Scenting Outrage…ASA dismisses whinges about a sexy poster advertising perfume

Posted: 29 April, 2015 in ASA Advert Censor
Tags: ,
Read more ASA Watch at

cara delevingne black orchid advert A poster, which appeared on the corner of Brick Lane and Hanbury Street in London, featured model Cara Delevingne lying naked on her front, the side of her breast and buttocks visible. She was holding a bottle of Tom Ford Black Orchid perfume.

  1. One complainant challenged whether the ad was inappropriate for display where children could see it and where it was close to churches and mosques.

  2. Another complainant challenged whether the ad was offensive because they believed it was degrading and objectified women.

ASA Assessment: Complaints not upheld

1. Not upheld

The ASA noted the ad featured an image of Cara Delevigne in which she was clearly naked and lying on her side in water, with much of one of her breasts shown along with the profile of her buttocks. Despite her nudity we considered her pose was sensual and sexually suggestive but that it was not sexually explicit. We therefore considered that because the image was sexually suggestive, it should not have appeared within 100 m of a school. We understood the ad in question did not have a placement restriction but equally noted it had not been placed in a location within 100 m of a school and that a placement restriction was subsequently unnecessary in this instance.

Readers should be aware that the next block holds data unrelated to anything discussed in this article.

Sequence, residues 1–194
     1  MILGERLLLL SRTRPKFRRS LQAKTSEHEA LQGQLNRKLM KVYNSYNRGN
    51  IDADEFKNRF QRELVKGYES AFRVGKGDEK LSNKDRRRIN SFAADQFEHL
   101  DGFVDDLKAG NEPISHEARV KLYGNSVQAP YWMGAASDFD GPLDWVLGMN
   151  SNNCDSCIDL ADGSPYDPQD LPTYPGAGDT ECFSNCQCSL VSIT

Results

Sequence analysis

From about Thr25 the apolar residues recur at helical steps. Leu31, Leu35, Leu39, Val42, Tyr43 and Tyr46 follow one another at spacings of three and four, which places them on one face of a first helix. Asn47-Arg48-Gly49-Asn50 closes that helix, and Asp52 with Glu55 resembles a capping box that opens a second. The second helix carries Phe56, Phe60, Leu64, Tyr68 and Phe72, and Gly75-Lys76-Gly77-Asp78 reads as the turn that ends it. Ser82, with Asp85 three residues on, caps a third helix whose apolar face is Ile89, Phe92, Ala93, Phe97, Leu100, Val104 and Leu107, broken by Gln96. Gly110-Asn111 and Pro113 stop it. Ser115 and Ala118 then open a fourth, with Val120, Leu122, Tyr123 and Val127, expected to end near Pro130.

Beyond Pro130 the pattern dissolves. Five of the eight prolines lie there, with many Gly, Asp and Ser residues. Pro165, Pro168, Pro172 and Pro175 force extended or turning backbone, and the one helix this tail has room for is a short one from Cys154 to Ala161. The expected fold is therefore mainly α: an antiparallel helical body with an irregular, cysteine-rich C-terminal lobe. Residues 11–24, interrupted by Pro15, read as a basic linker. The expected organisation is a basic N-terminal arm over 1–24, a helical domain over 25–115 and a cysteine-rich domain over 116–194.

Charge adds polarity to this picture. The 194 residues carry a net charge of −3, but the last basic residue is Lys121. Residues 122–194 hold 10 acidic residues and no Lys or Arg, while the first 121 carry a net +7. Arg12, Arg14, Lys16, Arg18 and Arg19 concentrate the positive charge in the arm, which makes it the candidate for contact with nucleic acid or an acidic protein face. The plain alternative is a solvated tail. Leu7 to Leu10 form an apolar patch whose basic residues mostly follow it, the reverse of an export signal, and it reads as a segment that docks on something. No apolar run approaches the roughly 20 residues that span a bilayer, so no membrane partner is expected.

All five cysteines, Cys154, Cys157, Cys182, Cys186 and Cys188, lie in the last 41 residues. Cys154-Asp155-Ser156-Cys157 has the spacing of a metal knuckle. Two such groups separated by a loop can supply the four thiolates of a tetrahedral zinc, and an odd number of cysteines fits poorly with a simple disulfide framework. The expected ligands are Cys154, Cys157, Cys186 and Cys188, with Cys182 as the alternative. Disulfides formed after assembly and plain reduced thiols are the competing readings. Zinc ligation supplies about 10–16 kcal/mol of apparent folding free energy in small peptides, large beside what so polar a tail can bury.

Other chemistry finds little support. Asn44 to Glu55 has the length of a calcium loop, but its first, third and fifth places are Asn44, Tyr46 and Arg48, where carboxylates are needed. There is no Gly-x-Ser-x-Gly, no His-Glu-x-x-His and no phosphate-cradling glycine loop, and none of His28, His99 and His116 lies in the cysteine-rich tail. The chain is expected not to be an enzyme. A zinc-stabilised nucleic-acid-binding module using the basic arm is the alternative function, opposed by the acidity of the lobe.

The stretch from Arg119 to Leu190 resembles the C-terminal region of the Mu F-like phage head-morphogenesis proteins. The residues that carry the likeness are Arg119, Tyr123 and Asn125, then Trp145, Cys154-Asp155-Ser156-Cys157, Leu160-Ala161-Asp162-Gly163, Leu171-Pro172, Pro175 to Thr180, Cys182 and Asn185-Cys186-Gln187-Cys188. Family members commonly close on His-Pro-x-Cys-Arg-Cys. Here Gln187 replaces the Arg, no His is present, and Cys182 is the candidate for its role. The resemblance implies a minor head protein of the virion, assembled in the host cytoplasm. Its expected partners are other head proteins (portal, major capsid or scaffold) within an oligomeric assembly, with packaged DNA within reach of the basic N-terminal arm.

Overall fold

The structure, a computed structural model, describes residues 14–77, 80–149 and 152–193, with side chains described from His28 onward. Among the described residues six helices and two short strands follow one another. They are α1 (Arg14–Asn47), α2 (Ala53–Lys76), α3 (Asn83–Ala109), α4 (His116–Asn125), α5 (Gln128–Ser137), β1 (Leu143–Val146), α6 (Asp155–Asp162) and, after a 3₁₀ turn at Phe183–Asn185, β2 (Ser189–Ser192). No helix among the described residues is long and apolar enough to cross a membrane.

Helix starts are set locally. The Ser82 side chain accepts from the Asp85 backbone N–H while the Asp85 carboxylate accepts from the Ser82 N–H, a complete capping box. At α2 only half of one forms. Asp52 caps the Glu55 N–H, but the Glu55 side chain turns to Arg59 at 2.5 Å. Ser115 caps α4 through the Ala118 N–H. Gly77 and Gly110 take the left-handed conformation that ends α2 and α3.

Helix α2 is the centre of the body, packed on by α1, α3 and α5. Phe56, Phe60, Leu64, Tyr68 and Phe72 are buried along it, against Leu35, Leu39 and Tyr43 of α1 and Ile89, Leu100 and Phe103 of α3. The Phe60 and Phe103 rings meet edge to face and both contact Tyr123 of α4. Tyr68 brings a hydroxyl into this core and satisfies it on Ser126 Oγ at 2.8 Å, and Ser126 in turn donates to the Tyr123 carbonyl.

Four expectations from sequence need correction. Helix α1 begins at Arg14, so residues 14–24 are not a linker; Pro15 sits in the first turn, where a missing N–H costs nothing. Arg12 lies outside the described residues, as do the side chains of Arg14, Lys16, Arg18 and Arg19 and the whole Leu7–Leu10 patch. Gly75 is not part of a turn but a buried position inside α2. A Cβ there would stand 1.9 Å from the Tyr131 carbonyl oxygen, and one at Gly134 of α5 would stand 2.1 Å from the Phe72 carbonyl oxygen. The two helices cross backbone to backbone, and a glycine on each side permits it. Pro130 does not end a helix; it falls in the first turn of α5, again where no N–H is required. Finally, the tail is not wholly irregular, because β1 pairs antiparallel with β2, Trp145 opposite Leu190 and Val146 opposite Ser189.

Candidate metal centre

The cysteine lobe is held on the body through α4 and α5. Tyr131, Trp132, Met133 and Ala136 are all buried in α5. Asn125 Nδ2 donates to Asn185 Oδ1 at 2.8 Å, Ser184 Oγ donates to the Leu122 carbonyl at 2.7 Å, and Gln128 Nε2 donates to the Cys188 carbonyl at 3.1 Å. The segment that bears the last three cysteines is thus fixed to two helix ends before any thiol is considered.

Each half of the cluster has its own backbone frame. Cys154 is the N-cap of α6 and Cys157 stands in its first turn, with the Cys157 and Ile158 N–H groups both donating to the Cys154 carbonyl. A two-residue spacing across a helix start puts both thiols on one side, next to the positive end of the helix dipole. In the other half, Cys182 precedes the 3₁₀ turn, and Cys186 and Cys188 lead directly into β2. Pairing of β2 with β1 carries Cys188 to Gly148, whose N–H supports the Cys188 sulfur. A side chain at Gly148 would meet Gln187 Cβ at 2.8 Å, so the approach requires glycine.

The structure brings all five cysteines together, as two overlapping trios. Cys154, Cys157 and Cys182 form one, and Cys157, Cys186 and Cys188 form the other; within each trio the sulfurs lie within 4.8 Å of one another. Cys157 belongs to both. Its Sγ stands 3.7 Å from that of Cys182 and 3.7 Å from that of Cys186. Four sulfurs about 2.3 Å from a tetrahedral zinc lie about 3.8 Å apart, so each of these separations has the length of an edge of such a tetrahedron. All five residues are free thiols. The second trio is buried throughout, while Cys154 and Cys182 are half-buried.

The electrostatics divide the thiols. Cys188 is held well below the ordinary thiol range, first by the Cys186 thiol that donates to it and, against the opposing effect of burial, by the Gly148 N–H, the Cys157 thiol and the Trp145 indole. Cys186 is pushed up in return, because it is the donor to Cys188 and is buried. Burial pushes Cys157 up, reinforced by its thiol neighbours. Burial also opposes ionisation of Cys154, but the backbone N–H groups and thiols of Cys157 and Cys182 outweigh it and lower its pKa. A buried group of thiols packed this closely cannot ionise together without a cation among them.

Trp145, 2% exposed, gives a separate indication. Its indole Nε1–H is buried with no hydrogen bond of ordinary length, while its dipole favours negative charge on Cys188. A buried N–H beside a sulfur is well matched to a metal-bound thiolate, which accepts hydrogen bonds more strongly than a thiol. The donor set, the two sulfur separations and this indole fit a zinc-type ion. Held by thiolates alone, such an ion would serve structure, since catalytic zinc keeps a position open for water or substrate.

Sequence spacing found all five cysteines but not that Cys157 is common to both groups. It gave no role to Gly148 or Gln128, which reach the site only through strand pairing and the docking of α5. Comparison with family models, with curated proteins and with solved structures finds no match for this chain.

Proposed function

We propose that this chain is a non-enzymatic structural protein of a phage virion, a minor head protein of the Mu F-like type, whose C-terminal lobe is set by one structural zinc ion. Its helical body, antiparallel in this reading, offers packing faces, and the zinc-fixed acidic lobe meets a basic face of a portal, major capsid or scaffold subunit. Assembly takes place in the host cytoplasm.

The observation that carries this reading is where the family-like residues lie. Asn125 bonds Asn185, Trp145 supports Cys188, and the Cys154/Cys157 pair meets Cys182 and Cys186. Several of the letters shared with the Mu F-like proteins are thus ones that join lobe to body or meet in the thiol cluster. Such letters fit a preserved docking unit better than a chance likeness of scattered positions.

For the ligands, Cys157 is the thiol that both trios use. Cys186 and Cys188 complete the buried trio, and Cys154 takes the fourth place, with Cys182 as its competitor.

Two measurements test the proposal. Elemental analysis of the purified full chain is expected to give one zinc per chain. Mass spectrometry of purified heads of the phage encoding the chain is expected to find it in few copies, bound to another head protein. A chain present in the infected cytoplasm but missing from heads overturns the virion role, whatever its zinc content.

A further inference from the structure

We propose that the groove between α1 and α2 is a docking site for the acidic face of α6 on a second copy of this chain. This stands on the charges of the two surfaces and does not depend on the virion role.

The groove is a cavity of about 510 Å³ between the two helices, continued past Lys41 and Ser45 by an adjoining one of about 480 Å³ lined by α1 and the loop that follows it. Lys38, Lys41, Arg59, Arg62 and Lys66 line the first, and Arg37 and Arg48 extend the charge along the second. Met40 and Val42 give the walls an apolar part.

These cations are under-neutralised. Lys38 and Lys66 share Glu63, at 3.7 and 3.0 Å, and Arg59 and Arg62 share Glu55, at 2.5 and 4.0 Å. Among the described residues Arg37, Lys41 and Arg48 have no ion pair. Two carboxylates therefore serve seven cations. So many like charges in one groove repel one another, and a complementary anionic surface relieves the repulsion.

We understood that because of its size and location on a busy urban street, the ad would be very noticeable to passersby and that attention would be drawn to the poster space regardless of its content and that in this case it may have been more noticeable because the model was clearly naked. However, we noted the ad did not appear within the immediate vicinity of a place of worship and that the area in question was a busy, diverse and popular area of London. We therefore considered the ad had not been placed inappropriately.

2. Not upheld

We noted the pose was sensual. Although the model was naked, we considered the image was not sexually explicit. We further noted the image was stylised and artistic and in-keeping with ads for beauty products such as perfumes where depictions of feminine beauty and the female body were commonly used. Whilst we understood some viewers may have found the image distasteful because of the nudity shown and implied, we considered the image itself was unlikely to cause serious or widespread offence and that it did not degrade or objectify women.


Comments are closed.